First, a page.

/ak"teuhn/, n. Biochem.a globulin that is present in muscle plasma and that in connection with myosin plays an important role in muscle contraction.[1940-45; perh. ACT + -IN2]
* * *One of two proteins responsible for contraction of muscle cells and the motility of other cells.It occurs as a monomer, G-actin, a globular protein, and in living cells as a polymer, F-actin, which resembles two strings of beads twisted around each other into thin filaments. The filaments occur in regular structures, alternated and interwoven with thick filaments that contain myosin, the other major muscle protein. The thick and thin filaments slide past each other, under the control of calcium ions, resulting in contraction (shortening) and relaxation (lengthening) of the muscle cells.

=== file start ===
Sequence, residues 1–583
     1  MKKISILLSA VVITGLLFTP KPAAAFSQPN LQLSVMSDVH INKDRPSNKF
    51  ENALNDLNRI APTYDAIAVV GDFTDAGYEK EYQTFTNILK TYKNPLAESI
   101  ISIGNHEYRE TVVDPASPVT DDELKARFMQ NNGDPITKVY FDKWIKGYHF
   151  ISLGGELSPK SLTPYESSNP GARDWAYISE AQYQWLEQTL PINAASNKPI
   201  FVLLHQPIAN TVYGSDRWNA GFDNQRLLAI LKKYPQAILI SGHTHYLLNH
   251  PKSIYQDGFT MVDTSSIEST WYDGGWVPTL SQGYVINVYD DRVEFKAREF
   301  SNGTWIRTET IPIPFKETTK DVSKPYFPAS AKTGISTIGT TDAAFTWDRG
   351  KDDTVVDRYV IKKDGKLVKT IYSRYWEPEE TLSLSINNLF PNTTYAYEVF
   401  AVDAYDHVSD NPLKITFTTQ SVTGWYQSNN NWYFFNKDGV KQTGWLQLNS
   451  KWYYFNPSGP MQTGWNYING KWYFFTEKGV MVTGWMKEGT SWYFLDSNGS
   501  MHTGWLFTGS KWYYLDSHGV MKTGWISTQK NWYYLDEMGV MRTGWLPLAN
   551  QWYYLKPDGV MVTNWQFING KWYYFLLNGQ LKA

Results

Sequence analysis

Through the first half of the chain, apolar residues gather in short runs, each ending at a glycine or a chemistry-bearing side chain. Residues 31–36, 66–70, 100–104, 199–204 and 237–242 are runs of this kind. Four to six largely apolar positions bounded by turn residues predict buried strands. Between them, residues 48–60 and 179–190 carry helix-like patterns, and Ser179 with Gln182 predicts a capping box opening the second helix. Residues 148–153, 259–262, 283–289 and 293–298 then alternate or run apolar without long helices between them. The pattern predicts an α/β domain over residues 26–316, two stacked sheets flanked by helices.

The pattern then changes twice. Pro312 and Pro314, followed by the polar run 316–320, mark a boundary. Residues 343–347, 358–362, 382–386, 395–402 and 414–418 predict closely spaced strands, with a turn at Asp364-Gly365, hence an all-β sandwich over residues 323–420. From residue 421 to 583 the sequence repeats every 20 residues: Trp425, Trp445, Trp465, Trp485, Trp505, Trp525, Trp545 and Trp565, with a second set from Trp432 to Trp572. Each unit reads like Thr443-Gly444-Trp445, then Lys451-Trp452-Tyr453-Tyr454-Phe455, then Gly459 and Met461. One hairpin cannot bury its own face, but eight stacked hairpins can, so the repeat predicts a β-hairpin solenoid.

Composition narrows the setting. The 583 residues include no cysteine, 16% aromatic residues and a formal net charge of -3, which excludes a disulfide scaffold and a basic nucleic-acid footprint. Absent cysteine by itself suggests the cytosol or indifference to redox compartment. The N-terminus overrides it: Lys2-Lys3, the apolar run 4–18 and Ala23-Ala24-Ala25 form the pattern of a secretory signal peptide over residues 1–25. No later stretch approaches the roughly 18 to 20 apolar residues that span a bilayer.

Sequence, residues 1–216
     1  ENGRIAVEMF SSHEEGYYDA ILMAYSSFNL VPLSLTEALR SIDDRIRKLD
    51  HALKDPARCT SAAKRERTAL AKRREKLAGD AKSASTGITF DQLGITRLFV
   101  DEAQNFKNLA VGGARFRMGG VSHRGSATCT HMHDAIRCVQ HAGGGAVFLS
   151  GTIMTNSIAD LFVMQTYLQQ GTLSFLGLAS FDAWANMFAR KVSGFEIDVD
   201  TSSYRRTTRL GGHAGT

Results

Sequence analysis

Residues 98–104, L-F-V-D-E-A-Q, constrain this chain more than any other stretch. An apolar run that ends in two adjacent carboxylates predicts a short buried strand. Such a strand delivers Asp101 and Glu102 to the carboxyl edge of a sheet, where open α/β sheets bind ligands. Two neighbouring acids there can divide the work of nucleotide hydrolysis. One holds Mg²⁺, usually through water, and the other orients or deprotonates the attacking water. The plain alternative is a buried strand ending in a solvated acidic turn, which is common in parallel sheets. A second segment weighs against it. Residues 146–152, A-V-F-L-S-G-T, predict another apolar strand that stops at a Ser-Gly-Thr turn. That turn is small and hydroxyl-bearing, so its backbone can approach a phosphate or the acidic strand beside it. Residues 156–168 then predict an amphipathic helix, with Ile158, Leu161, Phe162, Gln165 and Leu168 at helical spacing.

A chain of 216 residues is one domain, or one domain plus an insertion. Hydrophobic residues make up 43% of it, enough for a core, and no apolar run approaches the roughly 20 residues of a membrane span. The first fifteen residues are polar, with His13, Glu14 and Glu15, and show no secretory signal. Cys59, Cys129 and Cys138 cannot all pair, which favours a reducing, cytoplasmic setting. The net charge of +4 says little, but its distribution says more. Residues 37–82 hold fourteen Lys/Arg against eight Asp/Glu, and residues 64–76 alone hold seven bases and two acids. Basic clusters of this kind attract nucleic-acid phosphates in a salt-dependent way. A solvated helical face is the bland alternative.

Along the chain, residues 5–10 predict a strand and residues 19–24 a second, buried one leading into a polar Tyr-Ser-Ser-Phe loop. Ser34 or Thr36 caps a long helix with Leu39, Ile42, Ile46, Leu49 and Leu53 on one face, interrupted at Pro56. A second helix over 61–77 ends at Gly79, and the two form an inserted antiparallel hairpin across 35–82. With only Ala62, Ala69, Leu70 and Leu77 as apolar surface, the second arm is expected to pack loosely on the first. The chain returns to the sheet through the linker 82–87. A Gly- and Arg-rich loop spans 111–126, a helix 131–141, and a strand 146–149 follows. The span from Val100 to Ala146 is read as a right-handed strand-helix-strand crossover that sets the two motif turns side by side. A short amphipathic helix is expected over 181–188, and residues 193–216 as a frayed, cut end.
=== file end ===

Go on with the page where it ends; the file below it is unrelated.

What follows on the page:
* * *protein that is an important contributor to the contractile property of muscle and other cells. It exists in two forms: G-actin (monomeric globular actin) and F-actin (polymeric fibrous actin), the form involved in muscle contraction. In muscle, two long strands of beadlike actin molecules are twisted together to form a thin filament, bundles of which alternate and interdigitate with bundles of thick filaments formed of myosin, the most abundant protein found in muscle. Two other muscle proteins, tropomyosin and troponin, regulate the temporary fusion of actin and myosin; this fusion results in the contraction of muscle.Actin and myosin have been found in dozens of other (nonmuscle) cells and are believed to be responsible for the contractile properties of animal cells generally.
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